I'd suggest that the agent (in fact I just checked) charges additional fees - for each 'tenant find' it is £250, or in the case above an additional 3% per month on the average let (assume 16 month average let). Using the % fee can be misleading. Other agents might charge a high percentage but no tenant find fee - why might that be good? Because those agents, by their own income model, are encouraged to look for and place long term tenants.

      So our friend in the attached article charges 8% management fee for a 16 month let, it obviously gets cheaper as time goes on. But had the let only been 6 months, the landlord would have been charged 13.3%. I would also bet that the agent has other charges that they levy increasing the costs further.

      Is the cheap 5% agent really cheap? Does their business model encourage them to place long term tenants? The answer to both is probably 'no'. Does this help their marketing strategy and does it entice landlords? The answer is most likely 'yes'. Should the landlords answer most likely be 'yes', you decide...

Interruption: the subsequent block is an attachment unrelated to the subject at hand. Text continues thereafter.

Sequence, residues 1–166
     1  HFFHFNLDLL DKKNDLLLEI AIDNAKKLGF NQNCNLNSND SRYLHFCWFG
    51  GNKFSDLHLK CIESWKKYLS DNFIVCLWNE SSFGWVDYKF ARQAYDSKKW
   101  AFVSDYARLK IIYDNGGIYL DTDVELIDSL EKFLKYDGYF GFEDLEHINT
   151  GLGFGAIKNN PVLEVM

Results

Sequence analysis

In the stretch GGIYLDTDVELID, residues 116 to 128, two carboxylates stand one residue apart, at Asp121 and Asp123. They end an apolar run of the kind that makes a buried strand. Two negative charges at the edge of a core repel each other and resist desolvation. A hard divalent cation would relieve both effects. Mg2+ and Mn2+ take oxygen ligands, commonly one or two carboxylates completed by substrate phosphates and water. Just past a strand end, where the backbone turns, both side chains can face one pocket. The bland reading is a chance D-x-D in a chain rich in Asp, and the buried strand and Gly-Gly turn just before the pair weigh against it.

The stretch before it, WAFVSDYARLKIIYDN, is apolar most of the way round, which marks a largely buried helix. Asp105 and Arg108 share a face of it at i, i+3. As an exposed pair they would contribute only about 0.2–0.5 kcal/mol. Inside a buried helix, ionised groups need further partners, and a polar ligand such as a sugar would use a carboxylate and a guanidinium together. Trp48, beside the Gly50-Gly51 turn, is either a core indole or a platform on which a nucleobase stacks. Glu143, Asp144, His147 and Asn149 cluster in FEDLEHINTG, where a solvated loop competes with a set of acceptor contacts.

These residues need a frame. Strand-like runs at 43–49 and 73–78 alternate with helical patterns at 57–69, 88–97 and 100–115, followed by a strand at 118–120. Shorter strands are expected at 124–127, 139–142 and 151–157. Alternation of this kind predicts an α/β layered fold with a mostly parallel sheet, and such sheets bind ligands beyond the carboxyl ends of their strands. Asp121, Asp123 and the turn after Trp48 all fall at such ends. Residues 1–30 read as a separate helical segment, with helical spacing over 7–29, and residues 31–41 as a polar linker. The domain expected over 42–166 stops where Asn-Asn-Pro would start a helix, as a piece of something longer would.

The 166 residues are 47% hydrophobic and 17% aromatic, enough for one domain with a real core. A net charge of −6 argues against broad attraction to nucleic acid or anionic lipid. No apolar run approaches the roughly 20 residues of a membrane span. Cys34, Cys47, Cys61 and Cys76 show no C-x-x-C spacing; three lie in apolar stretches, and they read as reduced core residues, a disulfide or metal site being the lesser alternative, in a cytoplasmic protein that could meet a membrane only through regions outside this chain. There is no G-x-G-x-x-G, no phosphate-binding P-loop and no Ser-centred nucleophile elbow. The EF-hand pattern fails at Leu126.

I can take no responsibility for the use of any free comments given, any actions taken are the sole decision of the individual in question after consideration of my free comments.

      That also means I cannot share in any profits from any decisions made!

      Comment


      • #4
        Originally posted by Phlash View Post
        Why does a landlord, who perhaps could get everything managed without lifting a finger (i.e. include organising maintenance works as part of the management as well), believe that the owner is entitled to so much compared to the agent?
        Because they are the one taking on the risk.

        Comment


        • #5
          Originally posted by boletus View Post
          Because they are the one taking on the risk.
          but Letting agents need to charge for their services, and that
          has nothing to do with any risk a landlord takes, in borrowing
          money or running a business.

          Next thing we may hear is, i want people to work for me, but i
          wont pay them much to do their job, cos it's me taking the risk
          by starting a business, and borrowing money.
          Tell that to the employees / unions

          Comment


          • #6
            Originally posted by ram View Post
            but Letting agents need to charge for their services, and that
            has nothing to do with any risk a landlord takes, in borrowing
            money or running a business.

            Next thing we may hear is, i want people to work for me, but i
            wont pay them much to do their job, cos it's me taking the risk
            by starting a business, and borrowing money.
            Tell that to the employees / unions
            Heh! Heh! Heh! nice one RaM, but I was responding to Phlash's SociaCapitalist Worker point.